January 24, 2013 | By Scott Minerd
The U.S. economy is reaching "escape velocity," powered by the monetary rocket fuel from central banks around the world. Almost every domestic economic indicator is now positive and the economic backdrop is stronger than it has been in the last seven years. We are in the healthiest financial condition since 2003. If the post-2003 experience were to be repeated, we could see an uninterrupted economic expansion for four years. Although pockets of uncertainty remain, such a favorable outlook for the economy and markets cannot to be ruled out.
Investors can expect a continuation of the themes that have dominated the environment since the recovery began: tighter credit spreads, low interest rates, improving employment, modest inflation, and sustained economic growth. Historically low interest rates and continued earnings growth will support higher equity valuations. As leveraged buy-outs come back into play, undervalued companies with large cash balances are sure to be targets. More merger and acquisition activity would lift share prices higher, furthering the expansionary trend that is already underway.
Empirical studies suggest that an increase in the Treasury yields does not necessarily lead to weaker equity performance. When yields on the 10-year note remain below 4%, the correlation between S&P 500 monthly returns and changes in 10-year yields are positive, which implies that when yields rise, equity prices move higher as well. An increase in interest rates from a low level is likely to be the result of more robust economic activity, which is positive for equity performance. When the 10-year Treasury yield climbs above 6%, the correlation inverts, with increasing yields leading to decreasing equity prices. This occurs because of the affiliated rise in the inflation premium, which is negative for input prices and earnings, putting downward pressure on equity prices. Given that the 10-year Treasury yield is currently around 1.83%, for now, any potential rise in yields should result in an increase in equity prices.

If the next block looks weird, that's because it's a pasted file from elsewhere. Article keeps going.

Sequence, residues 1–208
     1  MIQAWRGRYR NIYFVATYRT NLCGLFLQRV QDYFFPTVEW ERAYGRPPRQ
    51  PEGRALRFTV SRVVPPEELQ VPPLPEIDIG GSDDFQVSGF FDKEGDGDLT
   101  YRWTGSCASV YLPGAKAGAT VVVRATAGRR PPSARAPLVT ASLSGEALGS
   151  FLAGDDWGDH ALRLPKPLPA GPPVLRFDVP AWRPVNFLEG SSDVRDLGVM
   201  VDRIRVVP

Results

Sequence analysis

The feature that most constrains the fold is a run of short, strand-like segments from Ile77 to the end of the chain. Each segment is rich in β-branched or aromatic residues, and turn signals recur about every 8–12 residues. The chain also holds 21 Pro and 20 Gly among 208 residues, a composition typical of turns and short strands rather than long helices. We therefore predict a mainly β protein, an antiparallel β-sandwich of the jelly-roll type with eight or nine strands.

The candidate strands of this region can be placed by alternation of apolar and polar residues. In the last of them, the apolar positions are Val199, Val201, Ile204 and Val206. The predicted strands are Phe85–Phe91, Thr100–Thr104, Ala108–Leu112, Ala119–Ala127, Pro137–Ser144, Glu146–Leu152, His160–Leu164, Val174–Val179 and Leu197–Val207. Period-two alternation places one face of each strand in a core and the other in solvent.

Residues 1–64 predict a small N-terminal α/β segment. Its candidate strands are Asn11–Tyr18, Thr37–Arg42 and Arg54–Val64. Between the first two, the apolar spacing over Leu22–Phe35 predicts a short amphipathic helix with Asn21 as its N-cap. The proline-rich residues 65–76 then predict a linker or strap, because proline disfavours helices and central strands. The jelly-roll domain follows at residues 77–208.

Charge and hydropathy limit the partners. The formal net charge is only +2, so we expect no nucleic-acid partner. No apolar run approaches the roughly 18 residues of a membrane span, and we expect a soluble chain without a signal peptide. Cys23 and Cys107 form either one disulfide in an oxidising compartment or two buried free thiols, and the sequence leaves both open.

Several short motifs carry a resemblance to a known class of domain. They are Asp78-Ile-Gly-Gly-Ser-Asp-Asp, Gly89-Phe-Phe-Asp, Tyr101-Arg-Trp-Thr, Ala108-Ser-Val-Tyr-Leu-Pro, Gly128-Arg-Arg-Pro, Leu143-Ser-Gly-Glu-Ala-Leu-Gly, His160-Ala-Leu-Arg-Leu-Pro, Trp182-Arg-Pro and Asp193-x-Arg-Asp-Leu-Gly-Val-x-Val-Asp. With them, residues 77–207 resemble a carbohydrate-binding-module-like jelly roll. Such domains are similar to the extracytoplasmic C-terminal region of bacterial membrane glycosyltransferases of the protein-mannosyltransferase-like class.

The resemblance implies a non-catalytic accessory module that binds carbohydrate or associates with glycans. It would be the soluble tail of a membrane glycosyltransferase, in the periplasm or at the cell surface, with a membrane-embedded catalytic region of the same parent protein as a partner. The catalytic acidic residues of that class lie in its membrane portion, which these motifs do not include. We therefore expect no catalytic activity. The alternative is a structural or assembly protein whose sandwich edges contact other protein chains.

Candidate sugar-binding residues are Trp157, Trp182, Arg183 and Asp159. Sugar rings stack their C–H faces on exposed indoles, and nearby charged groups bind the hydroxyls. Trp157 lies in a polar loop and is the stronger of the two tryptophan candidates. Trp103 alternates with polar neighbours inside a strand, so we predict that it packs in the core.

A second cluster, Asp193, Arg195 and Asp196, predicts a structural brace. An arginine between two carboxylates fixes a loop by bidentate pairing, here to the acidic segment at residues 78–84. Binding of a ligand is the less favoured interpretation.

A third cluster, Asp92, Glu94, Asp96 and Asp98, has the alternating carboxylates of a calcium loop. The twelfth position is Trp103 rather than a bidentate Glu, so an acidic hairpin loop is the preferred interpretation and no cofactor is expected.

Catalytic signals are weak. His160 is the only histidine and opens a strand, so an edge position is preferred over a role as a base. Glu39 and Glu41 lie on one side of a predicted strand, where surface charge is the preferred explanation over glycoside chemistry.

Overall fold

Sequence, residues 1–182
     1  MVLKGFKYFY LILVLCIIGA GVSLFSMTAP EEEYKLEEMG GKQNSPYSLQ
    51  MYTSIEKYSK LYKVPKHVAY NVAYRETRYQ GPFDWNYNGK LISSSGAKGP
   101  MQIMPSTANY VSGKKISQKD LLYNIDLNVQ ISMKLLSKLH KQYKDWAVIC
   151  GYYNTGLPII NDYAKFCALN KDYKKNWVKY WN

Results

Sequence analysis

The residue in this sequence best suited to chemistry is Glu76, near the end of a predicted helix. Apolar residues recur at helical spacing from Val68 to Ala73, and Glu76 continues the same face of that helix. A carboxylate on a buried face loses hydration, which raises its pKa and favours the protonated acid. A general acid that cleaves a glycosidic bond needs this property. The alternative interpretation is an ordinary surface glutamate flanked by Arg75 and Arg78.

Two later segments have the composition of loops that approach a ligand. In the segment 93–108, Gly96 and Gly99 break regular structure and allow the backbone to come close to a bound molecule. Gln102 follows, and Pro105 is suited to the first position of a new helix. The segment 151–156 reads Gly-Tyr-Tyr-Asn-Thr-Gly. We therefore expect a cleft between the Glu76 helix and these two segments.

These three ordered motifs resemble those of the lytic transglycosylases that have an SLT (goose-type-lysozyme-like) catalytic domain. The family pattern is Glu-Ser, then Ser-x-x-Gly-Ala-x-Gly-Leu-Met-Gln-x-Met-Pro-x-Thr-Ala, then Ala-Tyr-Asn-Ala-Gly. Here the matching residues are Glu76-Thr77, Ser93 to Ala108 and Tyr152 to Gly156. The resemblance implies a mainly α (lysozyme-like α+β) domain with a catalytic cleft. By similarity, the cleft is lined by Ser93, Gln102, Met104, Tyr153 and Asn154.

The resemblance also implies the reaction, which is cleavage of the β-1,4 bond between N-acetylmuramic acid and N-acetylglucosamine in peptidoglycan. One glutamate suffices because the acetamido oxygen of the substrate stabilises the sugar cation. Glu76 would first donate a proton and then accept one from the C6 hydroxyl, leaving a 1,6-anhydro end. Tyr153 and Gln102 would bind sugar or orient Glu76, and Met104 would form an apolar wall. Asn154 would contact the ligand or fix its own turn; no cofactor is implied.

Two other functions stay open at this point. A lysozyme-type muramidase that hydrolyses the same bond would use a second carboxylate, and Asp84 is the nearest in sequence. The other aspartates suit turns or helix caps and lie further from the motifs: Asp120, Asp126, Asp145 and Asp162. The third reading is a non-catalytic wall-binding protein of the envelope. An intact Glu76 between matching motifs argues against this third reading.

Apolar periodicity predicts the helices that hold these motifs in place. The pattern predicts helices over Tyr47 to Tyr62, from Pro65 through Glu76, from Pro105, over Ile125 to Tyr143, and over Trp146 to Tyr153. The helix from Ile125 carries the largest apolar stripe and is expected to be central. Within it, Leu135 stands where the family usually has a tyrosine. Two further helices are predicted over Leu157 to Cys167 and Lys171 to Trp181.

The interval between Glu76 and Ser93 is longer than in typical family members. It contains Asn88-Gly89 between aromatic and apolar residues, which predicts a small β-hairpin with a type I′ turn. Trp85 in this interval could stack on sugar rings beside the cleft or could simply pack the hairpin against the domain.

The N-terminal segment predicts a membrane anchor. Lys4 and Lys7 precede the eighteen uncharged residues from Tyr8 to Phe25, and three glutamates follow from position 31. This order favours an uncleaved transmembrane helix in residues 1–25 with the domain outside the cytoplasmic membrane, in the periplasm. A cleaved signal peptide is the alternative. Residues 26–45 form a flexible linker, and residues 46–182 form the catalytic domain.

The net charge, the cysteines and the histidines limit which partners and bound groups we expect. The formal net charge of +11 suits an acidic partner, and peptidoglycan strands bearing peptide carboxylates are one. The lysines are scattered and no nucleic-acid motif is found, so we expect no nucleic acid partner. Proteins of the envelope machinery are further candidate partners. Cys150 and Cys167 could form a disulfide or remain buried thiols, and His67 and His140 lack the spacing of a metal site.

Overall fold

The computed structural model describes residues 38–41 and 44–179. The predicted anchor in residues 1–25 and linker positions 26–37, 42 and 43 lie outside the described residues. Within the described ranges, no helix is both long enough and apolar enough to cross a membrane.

Source: Bloomberg, Guggenheim Investments. Data as of 12/31/2012.
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